riter-director Eliza Hittman’s coming-of-age film sits on the jagged edge between diffidence and promiscuity. Lila (Gina Piersanti) is a 16-year-old Coney Island girl whose best friend Chiara (Giovanna Salimeni) is sexually active and has an omnipresent boyfriend, the two of them putting on intimate displays. Lila is curious but diffident; formed but immature; older than her years but unable to match Chiara’s sexual boldness. Until she meets laconic, tatted up college-age Sammy (Ronen Rubenstein), whom she tries to wrap herself around. Lila disparages Chiara (“She’s needy…”) but wants to need someone of her own.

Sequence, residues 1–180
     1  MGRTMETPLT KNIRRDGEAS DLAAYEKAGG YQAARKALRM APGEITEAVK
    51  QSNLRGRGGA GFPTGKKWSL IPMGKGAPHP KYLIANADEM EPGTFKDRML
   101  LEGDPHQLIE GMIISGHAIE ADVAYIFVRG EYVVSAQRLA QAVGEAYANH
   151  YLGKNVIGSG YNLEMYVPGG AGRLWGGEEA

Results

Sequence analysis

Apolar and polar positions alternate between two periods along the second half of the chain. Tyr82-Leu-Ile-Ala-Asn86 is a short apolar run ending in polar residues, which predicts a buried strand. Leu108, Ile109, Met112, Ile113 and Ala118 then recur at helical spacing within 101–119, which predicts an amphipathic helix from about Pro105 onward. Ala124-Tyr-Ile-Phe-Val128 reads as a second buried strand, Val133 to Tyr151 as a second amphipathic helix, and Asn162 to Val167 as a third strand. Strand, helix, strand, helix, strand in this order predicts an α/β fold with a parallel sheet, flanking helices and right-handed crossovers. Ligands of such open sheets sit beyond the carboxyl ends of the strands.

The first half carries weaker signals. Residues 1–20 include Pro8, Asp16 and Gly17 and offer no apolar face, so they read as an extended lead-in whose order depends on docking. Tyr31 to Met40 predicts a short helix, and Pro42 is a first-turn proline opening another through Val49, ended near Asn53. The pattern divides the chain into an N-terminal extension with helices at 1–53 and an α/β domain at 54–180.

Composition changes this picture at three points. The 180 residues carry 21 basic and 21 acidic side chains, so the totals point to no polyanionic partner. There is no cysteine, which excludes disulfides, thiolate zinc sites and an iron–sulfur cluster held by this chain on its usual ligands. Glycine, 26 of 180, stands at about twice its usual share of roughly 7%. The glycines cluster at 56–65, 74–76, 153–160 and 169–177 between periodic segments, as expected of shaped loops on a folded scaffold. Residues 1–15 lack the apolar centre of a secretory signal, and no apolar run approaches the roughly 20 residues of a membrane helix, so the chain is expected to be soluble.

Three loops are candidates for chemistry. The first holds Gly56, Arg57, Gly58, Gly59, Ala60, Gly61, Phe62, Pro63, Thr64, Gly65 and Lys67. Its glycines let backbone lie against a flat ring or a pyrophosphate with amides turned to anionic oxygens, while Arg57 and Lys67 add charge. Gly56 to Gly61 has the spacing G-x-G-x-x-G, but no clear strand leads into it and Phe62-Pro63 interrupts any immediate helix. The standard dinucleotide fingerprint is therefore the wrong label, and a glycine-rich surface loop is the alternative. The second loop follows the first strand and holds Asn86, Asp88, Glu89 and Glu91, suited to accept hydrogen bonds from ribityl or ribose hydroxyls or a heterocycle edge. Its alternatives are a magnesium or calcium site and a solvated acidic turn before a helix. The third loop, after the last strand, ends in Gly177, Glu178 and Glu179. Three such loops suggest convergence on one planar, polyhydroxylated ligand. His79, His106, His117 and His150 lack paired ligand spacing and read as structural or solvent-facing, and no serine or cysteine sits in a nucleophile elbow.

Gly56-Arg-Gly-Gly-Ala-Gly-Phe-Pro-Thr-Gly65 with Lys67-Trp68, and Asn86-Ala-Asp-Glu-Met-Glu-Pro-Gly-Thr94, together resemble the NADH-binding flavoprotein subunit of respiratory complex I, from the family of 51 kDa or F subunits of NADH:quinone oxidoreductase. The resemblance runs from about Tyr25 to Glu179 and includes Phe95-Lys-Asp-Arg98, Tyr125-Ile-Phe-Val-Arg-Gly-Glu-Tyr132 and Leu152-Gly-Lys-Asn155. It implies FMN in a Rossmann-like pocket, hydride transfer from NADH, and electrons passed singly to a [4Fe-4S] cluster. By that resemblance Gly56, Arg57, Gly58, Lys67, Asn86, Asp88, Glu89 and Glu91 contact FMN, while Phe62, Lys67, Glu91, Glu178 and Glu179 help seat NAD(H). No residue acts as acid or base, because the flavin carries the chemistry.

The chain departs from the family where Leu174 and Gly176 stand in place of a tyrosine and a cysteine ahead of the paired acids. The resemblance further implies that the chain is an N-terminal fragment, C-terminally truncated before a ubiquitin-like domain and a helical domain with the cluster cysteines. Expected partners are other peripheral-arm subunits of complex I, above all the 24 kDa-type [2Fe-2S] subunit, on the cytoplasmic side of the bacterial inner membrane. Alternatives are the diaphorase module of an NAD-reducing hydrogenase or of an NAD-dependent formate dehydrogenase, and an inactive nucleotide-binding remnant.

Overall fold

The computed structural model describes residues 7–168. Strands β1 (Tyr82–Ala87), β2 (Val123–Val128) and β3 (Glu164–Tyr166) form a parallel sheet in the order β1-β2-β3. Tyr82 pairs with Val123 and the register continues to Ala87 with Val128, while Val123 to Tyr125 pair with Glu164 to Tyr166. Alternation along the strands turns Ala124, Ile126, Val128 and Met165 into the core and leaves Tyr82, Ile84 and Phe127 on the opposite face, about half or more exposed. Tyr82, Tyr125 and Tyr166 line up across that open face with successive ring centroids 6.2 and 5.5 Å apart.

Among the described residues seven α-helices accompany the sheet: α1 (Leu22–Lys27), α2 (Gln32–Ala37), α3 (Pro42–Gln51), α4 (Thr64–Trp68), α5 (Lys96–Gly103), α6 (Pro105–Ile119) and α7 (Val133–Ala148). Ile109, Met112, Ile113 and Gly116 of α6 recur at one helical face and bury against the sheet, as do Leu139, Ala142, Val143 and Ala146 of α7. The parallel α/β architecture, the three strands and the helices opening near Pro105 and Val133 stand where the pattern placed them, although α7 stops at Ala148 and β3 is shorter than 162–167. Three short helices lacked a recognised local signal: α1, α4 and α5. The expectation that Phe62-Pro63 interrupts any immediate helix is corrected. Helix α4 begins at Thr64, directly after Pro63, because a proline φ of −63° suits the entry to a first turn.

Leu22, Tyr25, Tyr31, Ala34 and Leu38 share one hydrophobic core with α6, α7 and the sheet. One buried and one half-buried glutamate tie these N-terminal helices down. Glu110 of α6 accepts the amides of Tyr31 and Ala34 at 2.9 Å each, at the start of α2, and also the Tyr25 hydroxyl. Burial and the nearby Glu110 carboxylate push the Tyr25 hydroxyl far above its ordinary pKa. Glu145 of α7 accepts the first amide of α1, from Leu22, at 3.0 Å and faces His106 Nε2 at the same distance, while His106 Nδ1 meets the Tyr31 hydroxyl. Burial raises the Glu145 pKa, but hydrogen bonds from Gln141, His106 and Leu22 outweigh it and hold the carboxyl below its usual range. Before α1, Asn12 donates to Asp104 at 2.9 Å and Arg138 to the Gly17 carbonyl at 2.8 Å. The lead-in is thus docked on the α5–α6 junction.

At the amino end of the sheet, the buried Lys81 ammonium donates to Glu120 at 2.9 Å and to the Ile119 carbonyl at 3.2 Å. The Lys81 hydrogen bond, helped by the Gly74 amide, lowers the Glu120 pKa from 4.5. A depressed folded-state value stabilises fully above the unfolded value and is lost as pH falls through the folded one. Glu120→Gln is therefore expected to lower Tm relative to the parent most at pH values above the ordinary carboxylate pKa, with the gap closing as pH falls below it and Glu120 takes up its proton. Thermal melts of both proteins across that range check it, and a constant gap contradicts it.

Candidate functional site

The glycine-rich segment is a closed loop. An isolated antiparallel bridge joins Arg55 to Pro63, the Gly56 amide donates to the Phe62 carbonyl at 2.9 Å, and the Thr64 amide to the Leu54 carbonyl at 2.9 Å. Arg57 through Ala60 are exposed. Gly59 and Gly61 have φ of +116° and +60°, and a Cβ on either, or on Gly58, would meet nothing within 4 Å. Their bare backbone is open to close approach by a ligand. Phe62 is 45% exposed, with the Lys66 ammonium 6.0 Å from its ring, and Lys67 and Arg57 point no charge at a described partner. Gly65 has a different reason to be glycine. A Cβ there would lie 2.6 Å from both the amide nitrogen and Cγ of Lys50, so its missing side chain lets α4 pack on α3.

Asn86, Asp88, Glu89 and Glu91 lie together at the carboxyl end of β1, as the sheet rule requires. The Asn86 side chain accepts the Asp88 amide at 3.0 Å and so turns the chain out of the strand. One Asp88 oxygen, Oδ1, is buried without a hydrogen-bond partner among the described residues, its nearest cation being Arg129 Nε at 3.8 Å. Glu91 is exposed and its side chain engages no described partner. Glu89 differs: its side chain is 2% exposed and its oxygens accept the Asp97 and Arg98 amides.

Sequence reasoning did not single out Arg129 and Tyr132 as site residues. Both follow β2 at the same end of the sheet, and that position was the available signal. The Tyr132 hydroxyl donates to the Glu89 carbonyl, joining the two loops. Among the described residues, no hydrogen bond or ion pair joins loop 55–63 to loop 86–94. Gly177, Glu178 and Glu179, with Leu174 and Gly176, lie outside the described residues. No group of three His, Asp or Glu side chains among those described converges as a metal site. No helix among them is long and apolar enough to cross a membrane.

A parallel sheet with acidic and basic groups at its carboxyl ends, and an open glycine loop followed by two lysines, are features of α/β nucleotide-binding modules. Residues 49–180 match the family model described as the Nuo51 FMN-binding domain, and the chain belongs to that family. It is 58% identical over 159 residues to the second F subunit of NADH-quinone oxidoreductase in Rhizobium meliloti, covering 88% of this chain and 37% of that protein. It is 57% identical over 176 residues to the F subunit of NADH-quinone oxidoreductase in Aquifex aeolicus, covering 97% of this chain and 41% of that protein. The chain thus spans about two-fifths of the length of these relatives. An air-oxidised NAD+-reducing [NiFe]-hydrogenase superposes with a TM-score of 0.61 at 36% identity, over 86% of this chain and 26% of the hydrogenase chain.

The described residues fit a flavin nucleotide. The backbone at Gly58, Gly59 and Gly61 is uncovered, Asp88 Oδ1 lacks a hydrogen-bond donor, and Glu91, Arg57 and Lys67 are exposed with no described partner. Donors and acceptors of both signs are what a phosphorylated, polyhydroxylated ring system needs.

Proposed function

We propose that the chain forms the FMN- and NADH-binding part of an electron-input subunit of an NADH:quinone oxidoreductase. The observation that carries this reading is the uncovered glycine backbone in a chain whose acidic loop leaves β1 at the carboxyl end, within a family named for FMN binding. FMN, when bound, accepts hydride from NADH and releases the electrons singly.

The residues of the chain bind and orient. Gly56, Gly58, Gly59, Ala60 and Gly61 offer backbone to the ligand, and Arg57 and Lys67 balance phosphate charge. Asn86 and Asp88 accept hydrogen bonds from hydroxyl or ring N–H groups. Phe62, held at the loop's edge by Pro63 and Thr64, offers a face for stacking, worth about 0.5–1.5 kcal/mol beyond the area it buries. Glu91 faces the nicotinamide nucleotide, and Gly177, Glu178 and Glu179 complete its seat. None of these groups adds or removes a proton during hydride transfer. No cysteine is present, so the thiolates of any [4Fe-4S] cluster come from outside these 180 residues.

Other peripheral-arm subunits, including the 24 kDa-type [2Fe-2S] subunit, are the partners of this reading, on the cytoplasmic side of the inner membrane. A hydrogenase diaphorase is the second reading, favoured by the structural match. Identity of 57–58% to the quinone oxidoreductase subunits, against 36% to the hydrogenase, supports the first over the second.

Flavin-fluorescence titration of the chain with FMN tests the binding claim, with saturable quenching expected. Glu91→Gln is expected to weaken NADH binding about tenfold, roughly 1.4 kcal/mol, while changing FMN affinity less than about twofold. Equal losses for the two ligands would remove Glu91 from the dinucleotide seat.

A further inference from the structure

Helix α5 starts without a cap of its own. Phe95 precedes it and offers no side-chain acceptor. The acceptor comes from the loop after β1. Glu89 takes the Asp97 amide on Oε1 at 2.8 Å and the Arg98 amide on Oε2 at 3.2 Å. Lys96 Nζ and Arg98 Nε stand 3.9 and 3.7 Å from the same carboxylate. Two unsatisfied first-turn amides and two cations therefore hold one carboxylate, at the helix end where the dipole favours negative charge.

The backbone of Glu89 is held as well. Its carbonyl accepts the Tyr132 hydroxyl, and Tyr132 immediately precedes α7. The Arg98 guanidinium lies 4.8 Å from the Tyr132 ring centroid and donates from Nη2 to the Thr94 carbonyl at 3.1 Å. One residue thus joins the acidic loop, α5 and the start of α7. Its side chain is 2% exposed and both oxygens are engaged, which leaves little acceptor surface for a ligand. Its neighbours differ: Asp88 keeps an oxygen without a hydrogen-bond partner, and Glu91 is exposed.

Hittman slowly and deftly reveals physical and emotional anatomy, digging into the awkwardness and bluster that make the teen years so absurdly bold. She lets Lila’s feelings grow without contrivance, zeroing in on the wish to fit in, which is most at the mercy of the sexual precociousness that defines post-modern courtship. Lila is dazed and confused and submissive, the perfect teen hormone. The boys around her are rap brutes, or style themselves that way, eager to sip from their welled-up testosterone.
That said, Lila’s unfolding (and its miniature consequences) is a slow and predictable affair. God may be in the details, but here those same details go round and round like a Kabuki carousel of still life images that while at times poignant and affecting broadcast a sameness that leaves its little women little room to do much else beside squirm.